One National Milk Marketing Order Needed as Coronavirus Fallout Reveals Flaws in U.S. Dairy Production System
(Ames, Iowa) March 19, 2020 — The production of milk, grains and meat is vital to national interests, and the impacts of the COVID-19 pandemic will undoubtedly be felt on farms across the United States.
National Farmers, a marketer of milk, cattle and grains on behalf of farmers across the country, says dairy producers will see major disruptions in farm-level milk prices and product flow interruptions will occur from farms to processors and retailers.
“The milk industry will face enormous disruptions in the coming weeks and months, and worse yet, we can’t anticipate exactly what they will be,” said National Farmers President Paul Olson. “But we know this; one national milk marketing order would help put the country in a better position to handle whatever comes up,” Olson said.
Currently, 11 Federal Milk Marketing Orders regulate milk marketing. But Olson says the establishment of just one national milk marketing order can facilitate faster reactions to disruptions throughout the system and allow for necessary corrective actions when those disruptions occur. He says one milk order can also can take steps to stabilize prices, address transportation disruptions and stem the loss of family-sized farms.
“We are requesting U.S. Secretary of Agriculture Sonny Perdue strongly consider establishing one federal milk marketing order,” Olson said.
As Americans face the daily psychological challenges of the novel coronavirus and cope with disappearing products on grocery store shelves, Olson points out the realities of today’s milk production system.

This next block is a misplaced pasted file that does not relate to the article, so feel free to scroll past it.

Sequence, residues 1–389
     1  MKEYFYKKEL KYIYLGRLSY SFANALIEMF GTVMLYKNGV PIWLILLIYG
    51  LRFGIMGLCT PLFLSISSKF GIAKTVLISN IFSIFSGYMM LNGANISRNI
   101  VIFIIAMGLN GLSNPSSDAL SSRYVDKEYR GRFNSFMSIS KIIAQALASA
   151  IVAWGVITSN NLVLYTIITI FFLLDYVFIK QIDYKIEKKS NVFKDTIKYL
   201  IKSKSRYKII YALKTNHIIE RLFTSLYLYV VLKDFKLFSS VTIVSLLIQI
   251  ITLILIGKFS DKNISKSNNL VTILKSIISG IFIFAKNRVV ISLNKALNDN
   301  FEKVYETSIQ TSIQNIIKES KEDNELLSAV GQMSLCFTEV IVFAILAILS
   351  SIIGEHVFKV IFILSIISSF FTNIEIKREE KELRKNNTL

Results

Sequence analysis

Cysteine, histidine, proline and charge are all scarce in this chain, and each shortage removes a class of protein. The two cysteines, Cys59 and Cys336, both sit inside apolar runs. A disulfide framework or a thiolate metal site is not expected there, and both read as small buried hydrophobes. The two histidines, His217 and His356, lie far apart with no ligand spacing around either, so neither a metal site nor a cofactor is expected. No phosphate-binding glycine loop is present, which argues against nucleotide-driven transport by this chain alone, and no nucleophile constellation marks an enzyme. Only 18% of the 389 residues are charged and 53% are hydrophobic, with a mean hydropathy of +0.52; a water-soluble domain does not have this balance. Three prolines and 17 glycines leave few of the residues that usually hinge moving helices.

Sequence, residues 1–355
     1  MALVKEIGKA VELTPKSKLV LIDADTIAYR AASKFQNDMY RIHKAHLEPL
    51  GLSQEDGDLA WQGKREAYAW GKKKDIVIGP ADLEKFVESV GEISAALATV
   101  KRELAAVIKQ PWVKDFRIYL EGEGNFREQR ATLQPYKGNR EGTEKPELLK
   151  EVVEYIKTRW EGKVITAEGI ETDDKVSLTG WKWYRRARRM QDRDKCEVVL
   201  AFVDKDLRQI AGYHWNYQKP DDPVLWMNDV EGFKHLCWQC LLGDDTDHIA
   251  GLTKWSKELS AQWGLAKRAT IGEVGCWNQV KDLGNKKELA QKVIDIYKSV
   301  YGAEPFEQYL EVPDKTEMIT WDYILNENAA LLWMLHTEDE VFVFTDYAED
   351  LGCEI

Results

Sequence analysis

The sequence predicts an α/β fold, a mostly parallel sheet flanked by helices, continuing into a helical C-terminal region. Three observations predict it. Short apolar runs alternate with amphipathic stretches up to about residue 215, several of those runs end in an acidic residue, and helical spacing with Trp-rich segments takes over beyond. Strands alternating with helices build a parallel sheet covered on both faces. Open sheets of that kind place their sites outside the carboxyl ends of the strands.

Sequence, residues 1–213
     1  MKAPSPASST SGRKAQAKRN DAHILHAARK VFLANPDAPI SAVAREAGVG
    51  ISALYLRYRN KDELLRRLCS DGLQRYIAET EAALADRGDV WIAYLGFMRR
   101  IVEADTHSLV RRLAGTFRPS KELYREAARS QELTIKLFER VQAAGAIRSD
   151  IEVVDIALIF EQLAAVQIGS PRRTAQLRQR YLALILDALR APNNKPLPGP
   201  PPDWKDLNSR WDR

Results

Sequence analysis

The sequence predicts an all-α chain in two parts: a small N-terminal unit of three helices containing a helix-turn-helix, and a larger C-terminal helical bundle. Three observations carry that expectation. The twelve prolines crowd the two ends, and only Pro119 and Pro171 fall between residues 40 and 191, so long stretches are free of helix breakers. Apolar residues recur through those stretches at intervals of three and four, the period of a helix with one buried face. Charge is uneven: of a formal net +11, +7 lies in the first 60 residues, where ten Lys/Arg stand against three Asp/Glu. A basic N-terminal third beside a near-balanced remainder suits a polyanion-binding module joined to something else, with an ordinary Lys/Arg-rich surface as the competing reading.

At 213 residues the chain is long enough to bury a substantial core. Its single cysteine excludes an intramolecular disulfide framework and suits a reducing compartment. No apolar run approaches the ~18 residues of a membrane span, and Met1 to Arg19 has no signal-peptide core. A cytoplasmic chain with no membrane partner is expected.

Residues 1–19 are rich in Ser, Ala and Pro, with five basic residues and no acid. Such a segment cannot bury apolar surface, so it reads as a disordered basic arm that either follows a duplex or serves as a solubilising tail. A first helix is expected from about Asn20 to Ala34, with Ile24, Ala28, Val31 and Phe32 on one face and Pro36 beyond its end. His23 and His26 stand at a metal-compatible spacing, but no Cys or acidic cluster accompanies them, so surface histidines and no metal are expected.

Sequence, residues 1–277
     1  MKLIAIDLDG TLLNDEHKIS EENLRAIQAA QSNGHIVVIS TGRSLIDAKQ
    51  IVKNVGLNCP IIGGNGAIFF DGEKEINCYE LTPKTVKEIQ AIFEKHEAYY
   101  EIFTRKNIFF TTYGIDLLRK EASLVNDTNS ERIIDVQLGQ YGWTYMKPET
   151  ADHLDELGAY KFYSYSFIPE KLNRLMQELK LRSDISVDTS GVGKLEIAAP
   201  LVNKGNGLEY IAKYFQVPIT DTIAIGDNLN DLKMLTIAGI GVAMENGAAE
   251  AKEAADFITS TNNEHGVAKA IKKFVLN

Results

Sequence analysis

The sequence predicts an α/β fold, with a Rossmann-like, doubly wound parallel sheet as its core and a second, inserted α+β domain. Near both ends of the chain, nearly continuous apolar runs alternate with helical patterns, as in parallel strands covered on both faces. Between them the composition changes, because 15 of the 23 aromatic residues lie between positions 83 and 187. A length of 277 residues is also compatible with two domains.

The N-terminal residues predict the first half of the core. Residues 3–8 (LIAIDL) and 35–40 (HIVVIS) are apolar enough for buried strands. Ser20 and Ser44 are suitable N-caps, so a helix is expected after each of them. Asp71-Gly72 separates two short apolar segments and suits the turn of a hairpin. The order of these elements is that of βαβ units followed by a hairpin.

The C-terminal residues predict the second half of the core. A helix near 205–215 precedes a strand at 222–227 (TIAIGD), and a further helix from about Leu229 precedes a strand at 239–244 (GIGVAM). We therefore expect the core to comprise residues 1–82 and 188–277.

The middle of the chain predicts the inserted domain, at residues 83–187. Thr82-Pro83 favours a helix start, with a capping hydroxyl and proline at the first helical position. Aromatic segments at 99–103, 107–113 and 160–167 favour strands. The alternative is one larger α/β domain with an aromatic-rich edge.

“More than half of the nation’s milk is produced by only 5 percent of U.S. dairy farms,” Olson said. These giant farms depend on people who make up a vulnerable labor supply to milk and otherwise care for tens of thousands of cows.
“A coronavirus outbreak among workers on several of those farms will, in all likelihood, lead to plant closures,” Olson said. Notification has already been given by one prominent plant of its intent to close indefinitely.
The group of dairy farms least likely to be disrupted is family-sized operations. Most labor on these dairies is from family members who live on the farms. Chances for rapid spread of disease among various families on their many operations is lower, because of natural social distancing geographically between farms. But these are the very farms the country is now losing at rates approaching 10 percent per year.
“We believe a more dispersed milk supply is a safer food supply,” said Olson. Much more so than allowing most dairy cows, and more labor, to be concentrated on very large farms.